Mario de Miranda's Kin Allege Misuse of His Art for G20, Might Sue Goa Govt

Miranda, who died in 2011, was honoured with the Padma Vibhushan posthumously in 2012.

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Celebrated cartoonist and painter Mario de Miranda's family has alleged that the organisers of G20 meetings have used Miranda's work during the events without permission.

They have also threatened to sue Goa's chief secretary and the organisers for the same.

Details: A statement released by Miranda's sons -- Rishaad and Raul -- alleges that the organisers have used their late father's work as gifts given to VIP during the G20 related meetings in Goa, reported Hindustan Times.

“We were surprised to see our late father’s artwork being used without any permission. It is shocking that when India and Goa are trying to impress the G20 countries by showing that we are a developed country, we infringe on the copyright of our late father’s works,” the statement said.

Goa is one of the venues for G20 meeting being held across India this year. Most recently, G20's Tourism Working Group meeting was held in the UT on 19 and 20 June. More meetings are scheduled to be held in coming months.

In the letter, the sons also say that before Miranda's death in 2011, the family had opened the Mario Gallery to look after his legacy in various ways.


The gallery also hold the rights to take violators to court of law.

“We urge the organisers of the G20 meet to approach the Mario Gallery and get the requisite permissions for usage. We have given the Mario Gallery the right to take all violators to a court of law," the statement added.

Moreover, Mario Gallery's curator Gerard da Cunha also confirmed to news agency PTI on Sunday, 2 July, that they will be sending a legal notice to Goa's Chief Secretary Puneet Kumar Goel and the official in charge of G20 meetings in Goa, Sanjith Rodrigues.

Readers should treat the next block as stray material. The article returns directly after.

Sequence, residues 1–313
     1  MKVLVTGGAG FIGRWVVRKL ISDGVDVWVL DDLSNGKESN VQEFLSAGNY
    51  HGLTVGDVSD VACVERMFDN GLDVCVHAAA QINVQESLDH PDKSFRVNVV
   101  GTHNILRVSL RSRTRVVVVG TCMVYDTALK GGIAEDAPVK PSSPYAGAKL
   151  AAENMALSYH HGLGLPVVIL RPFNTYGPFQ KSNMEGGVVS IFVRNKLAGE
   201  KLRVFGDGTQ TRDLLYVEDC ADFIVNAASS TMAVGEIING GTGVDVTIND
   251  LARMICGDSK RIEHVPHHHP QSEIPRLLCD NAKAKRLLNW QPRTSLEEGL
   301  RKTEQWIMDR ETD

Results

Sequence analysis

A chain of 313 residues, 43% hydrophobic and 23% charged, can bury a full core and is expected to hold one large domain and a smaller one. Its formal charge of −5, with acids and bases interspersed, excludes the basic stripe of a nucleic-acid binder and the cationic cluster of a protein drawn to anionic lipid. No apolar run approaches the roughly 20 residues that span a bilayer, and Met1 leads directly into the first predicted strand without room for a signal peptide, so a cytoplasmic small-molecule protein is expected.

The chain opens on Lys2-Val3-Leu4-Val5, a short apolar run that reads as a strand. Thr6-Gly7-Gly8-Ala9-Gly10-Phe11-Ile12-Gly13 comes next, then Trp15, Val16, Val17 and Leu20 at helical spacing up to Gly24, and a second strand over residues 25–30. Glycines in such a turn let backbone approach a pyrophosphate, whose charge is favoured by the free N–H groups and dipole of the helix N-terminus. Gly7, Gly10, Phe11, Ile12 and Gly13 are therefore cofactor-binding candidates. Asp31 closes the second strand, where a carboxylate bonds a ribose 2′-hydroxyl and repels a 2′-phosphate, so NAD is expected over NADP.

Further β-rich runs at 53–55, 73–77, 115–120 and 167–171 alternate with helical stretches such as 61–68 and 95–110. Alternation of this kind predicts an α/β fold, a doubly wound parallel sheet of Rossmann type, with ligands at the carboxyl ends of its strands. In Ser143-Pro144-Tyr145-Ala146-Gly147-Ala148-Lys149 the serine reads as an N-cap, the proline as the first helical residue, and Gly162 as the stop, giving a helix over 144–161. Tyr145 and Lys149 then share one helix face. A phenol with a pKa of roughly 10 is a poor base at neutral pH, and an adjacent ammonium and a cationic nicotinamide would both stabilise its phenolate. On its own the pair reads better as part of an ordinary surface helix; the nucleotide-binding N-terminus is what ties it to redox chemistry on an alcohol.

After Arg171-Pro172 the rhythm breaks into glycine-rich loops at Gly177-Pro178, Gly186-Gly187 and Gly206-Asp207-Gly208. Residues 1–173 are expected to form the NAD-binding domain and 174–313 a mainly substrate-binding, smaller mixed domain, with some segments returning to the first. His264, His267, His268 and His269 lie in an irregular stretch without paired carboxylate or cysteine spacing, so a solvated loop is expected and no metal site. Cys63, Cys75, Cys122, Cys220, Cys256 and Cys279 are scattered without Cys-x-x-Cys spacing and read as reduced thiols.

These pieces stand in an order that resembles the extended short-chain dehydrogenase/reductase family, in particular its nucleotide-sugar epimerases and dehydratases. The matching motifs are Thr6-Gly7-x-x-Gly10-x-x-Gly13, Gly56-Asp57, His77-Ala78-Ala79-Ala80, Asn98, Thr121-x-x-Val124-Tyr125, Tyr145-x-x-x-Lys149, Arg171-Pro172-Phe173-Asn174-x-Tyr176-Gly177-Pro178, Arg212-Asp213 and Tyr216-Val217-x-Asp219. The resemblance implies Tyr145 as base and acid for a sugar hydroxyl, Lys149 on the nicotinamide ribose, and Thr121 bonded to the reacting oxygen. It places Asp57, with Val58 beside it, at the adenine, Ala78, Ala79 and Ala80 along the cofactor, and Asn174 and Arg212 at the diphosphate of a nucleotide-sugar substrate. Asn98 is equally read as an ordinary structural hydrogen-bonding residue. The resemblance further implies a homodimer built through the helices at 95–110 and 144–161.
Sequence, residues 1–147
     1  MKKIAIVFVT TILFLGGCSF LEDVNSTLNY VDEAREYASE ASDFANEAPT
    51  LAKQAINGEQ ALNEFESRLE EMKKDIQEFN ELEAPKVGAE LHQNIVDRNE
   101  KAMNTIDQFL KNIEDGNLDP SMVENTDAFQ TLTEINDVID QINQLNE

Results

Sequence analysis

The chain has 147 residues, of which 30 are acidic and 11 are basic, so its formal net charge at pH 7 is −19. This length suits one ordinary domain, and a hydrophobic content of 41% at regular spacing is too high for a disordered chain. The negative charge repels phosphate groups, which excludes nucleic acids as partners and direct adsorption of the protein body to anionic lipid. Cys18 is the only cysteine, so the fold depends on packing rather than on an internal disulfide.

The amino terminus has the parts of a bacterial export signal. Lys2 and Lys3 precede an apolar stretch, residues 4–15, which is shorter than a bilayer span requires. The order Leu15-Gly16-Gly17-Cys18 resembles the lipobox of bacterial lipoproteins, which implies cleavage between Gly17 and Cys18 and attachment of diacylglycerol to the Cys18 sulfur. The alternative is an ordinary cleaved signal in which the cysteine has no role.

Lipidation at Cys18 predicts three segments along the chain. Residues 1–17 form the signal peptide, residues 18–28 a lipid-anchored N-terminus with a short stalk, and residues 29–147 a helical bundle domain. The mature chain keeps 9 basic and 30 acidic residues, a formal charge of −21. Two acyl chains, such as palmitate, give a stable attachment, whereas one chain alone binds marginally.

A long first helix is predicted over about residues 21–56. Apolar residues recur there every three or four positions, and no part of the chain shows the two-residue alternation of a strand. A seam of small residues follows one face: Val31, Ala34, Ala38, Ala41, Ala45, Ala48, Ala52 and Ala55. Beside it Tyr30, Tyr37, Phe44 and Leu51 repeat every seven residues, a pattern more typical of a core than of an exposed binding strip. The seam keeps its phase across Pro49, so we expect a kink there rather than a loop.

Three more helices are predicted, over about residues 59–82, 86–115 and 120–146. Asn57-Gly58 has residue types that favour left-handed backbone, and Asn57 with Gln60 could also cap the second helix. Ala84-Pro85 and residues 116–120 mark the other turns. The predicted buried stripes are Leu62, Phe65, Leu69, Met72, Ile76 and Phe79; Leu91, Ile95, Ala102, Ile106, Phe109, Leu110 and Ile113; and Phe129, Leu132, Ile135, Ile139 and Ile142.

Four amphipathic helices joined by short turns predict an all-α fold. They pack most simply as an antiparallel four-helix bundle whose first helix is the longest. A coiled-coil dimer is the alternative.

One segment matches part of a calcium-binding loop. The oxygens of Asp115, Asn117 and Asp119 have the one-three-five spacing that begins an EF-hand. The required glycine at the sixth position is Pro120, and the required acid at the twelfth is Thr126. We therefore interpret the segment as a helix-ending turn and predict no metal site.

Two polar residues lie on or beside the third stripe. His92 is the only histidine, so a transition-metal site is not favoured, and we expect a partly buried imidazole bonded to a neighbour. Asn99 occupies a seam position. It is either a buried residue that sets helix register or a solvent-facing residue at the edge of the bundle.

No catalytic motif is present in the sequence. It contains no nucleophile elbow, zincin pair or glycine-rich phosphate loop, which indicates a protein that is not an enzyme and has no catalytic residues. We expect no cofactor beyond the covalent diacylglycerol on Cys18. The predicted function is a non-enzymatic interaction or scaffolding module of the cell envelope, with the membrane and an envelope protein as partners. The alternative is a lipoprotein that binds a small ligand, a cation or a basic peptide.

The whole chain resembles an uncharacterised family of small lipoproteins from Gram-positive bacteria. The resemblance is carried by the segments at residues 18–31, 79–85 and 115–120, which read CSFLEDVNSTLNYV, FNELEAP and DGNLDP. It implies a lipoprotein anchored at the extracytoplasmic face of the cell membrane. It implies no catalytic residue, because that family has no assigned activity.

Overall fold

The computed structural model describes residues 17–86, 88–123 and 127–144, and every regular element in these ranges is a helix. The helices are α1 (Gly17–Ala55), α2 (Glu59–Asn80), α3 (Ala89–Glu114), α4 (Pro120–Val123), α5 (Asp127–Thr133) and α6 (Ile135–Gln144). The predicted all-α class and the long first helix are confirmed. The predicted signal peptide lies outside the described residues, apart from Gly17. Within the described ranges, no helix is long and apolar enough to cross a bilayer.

“The organisers have used a Miranda painting on a tile, which is used inside a miniature window and it is being given as a gift to VIPs,” da Cunha said.

“Another violation was the use of 16 life-size fiberglass statues displayed in Old Goa and Dona Paula. These statues are copied from figurines of art work developed by Miranda. These are the violations that we have come across. There may be more. The organisers should have taken prior permission,” he added.


In response to the allegations, Rodrigues told PTI that they "have done our due diligence. As and when we are served with a notice, we will respond to it.”

Miranda, who was not a trained artist, started his career as a cartoonist in the Times of India Group in 1953. Later on, he started pursuing illustrations and fine arts, creating numerous pieces of art work.

He is also the recipient of many National and International honours including the Padma Vibhushan in 2012, an year after his death.

(With inputs from Hindustan Times and PTI.)

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Topics:  Artist   G20   G20 India 

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